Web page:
Friday, February 29, 2008

Ok Health

2008年2月29日(金)0:18 (Vietnam time)

I believe I’ve been in the best health condition in many months even with the stupid trouble with a stay extension, which frustrated me so greatly. I feel I’ve gained weight. However, I shouldn’t drop my guard now as health is a very elusive thing to me. Five more nights to go in Ho Chi Minh City.

18:53 (Vietnam time)

Watching the “NHK World” channel, I found a few familiar faces, even though there are many people I’ve never seen before. It is like, “Oh, she is still doing the same program!” “I haven’t seen him for such a long time…”

Tuesday, February 26, 2008

Phnom Penh

2008年2月23日(土)23:33 (Vietnam time)

Yesterday, I submitted the two tasks for speaking and writing. The director said in her reply that, when I came back to Singapore, she would apply to obtain a student pass for me so that I could stay with reassurance. Very nice of her. I await her comments for my work. I hope they are not totally off the points. Today, there was no important message in my inbox.

I’m finding out yet again that being with someone all the time is not easy, and even so frustrating. Only being alone, I can work or read… if someone watched me work/read, I can’t. I truly appreciate my private hours. Yesterday and today, I sent messages two of my friends using Skype. I’m getting tired of here, maybe…

I went out alone tonight for the first time. I just walked around the block and was stopped by two pimps. Both were riding scooters, and the first one looked a beautiful guy, who was saying to me, “XXXXXX” (Japanese four-letter word). The second one was a middle-aged woman who was saying, “Young beautiful woman to your hotel…”

Where is my home? Japan? Singapore? Vietnam? Or some place else? Can I find an answer or any answer in The Alchemist, which I plan to finish during my one-day trip to Cambodia?

2008年2月25日(月)0:14 (Vietnam time)

Off to the capital of Cambodia, Phnom Penh, taking a tourist bus that leaves here at 8:00 am. It takes six hours to reach Phnom Penh, and I’m gonna spend only one night there.

The director e-mailed me saying that we would discuss my tasks when I returned to Singapore…

2008年2月26日(火)15:49 (Vietnam time)

About 10 minutes after 8:00 am on Monday, I, with a few other tourists, got on a mini bus only to move into a large tour bus, which was going ahead of us. I don’t know why we didn’t hop on to the large one in the first place. Anyway, here we went to Phnom Penh, Cambodia.

The change of the scenery was stark. Green rice fields and water buffaloes appeared. After we crossed the border over to Cambodia, a pavement work of the road was going on and the ride was a little bumpy, and simple-built raised-raised floor houses (or rather shacks) were everywhere. The signs of the Peoples’ Party, Sam Rainsy Party, FUNCINPEC and Human Rights Party were also seen.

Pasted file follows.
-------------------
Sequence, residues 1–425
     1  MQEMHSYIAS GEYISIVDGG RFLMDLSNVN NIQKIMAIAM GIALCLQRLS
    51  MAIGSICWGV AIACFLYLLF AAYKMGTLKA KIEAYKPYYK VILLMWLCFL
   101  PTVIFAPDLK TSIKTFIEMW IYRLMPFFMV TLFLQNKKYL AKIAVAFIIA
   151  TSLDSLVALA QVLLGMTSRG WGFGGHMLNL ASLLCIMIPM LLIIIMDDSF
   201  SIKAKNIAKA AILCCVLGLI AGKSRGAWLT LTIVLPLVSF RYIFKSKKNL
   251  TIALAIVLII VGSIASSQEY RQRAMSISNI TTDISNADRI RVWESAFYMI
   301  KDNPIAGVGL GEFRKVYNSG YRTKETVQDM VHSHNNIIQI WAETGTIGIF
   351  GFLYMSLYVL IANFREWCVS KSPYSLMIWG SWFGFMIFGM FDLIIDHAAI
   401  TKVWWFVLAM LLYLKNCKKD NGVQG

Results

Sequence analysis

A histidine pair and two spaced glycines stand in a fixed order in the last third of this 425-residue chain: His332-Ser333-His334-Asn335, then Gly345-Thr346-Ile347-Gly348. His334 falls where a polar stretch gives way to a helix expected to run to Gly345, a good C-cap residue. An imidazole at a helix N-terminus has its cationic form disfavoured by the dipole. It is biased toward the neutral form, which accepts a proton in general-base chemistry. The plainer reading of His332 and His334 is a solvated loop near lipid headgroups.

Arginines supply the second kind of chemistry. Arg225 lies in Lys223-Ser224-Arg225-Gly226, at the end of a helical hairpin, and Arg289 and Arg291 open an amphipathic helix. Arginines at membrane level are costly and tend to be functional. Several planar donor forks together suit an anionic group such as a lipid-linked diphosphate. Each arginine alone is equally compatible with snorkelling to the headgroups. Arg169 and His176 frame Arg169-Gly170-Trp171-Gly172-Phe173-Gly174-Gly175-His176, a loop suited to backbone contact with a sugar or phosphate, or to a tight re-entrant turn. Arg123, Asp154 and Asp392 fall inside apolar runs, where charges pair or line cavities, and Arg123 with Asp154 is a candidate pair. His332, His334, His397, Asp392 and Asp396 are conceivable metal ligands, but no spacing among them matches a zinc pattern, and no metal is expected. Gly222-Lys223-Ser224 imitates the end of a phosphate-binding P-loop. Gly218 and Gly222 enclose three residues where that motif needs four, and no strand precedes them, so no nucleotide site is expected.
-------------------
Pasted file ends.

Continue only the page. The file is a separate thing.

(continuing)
Introduced a guesthouse by the tourist agency where the bus stopped, I took a tuk-tuk for the first time in my life. I paid US$2.00 folmr the ride, maybe ripped off, but the enjoyment of riding a tuk-tuk was much stronger. The guesthouse room was good enough just for one night (US$6.00), although it had no toiletry (even a toilet tissue, which I had no choice to buy at the reception at US$0.50) and hot water shower. When I settled in the room, it was around 4:00 pm. It was an 8-hour trip.

When I was having an Angkor Beer and waiting for my fried noodle to arrive, a tour driver approached me. Because I had only one night, I accepted his offer to bring me to the Royal Palace to look at it from outside and took photos and the “Russian” market. He charged me US$4.00. Ripped off again?

He asked, “Night lady?” I replied, “No energy…” Then, he asked, “Smoke?” I, ever innocent, didn’t understand the question. So I asked back, “Smoke?” He answered, “Yeah, marijuana.” I declined.

Phnom Penh was quite clean and the level of development compared with outside it was contrasting, though I saw a desolate apartment block.

For the room, food and drinks, I paid $15.15 to the guesthouse. To the departure point, it cost US$2.00 again but this time by a motorbike.

It took only six hours, as scheduled, to come back to HCM. On the way back, I finished “The Alchemist.”

From Part Two: “Even though I complain sometimes,” [the boy’s heart] said, “it’s because I’m the heart of a person, and people’s hearts are that way. People are afraid to pursue their most important dreams, because they feel that they don’t deserve them, or that they’ll be unable to achieve them. We, their hearts, become fearful just thinking of loved ones who go away forever, or of moments that could have been good but weren’t, of treasures that might have been found but were forever hidden in the sands. Because, when these things happen, we suffer terribly.”
“My heart is afraid that it will have to suffer,” the boy told the alchemist one night as they looked up at the moonless sky.
“Tell your heart that the fear of suffering is worse than the suffering itself. And that no heart has ever suffered when it goes in search of its dreams, because every second of the search is a second’s encounter with God and with eternity.”